Asiamoney, September 29 2020
This is part of the Asiamoney Women in Banking report
If there is a positive story to tell in terms of female representation in Asian banking, it is in wealth management and private banking. It’s a better picture, comparatively speaking, than the rest of the industry. But that’s the key word: comparatively.
“It’s all relative,” says Kam Shing Kwang, Hong Kong-based CEO of JPMorgan Private Bank.
“If you’re talking about other lines of business like investment banking, which is still very dominated by male colleagues, then on a relative basis the private bank is faring better. But if you are talking about representation at the senior level, there’s still a lot of room for improvement.”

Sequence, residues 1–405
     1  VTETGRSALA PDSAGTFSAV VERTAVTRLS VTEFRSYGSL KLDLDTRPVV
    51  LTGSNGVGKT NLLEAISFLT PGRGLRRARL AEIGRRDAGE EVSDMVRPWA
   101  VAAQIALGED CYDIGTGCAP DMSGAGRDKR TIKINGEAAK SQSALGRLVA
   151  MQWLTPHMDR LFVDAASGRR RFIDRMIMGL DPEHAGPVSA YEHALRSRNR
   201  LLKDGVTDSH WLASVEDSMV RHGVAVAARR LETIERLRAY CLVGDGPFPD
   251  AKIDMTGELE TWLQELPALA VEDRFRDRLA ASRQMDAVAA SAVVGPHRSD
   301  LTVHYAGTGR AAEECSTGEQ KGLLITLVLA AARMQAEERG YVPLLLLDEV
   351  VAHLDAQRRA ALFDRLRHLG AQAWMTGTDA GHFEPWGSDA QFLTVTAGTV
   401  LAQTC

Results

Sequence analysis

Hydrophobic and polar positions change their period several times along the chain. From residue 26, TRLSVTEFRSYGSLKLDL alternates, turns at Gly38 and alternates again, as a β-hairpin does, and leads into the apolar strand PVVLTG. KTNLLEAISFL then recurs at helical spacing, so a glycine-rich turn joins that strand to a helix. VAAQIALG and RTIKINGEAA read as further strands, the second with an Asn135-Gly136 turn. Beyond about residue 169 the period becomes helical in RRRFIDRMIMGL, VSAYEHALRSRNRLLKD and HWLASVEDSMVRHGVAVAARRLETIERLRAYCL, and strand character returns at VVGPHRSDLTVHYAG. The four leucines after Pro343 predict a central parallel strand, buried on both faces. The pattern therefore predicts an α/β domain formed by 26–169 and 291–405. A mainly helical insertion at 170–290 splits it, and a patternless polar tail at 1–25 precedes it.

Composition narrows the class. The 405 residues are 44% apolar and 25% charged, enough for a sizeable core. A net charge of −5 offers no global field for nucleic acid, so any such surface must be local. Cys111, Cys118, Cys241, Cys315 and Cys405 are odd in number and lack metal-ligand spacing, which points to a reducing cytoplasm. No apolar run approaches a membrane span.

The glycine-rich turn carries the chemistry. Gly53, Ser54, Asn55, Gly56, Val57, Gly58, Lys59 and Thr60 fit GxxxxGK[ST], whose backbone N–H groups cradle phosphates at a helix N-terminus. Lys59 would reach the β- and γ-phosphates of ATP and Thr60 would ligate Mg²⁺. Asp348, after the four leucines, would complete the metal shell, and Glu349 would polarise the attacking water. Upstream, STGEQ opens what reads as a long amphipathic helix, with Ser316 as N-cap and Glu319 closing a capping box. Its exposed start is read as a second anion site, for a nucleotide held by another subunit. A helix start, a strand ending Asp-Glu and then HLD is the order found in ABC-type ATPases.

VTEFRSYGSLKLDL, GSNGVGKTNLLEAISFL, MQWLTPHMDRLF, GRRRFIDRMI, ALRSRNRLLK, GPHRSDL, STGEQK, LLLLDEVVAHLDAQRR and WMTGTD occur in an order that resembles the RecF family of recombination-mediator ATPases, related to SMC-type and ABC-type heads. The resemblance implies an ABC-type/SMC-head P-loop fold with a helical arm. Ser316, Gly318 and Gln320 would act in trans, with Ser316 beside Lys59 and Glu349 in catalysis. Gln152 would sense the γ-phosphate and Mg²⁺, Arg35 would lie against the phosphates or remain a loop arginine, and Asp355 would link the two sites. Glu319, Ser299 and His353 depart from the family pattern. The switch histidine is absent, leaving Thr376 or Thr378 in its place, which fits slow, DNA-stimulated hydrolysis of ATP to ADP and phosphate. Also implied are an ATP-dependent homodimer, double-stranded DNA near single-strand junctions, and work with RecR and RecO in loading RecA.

She adds: “I think it’s happening, but still not enough, in my opinion. It is two steps forward, one step back.”
The roster of women in leadership positions in Asian wealth management includes Kwang herself at JPMorgan, Amy Lo at UBS and Siew Meng Tan at HSBC – all of whom are regional heads of private banking. Tan Su Shan had that job at DBS, overseeing all wealth management, before she moved to head of institutional banking to gain wider experience ahead of a potential elevation to CEO, whenever Piyush Gupta retires. Other women in senior positions in this particular field of banking include Pearlyn Phau, deputy head of the wealth business at DBS, and Eleanor Yuen, head of wealth and tax planning in Asia at Julius Baer.
Given the size of the private banking industry in Asia, perhaps there should be many more women in the top ranks. “You can name three female heads?” says one leading woman in the industry, dryly. “Well, there are a lot of private banks in town.”
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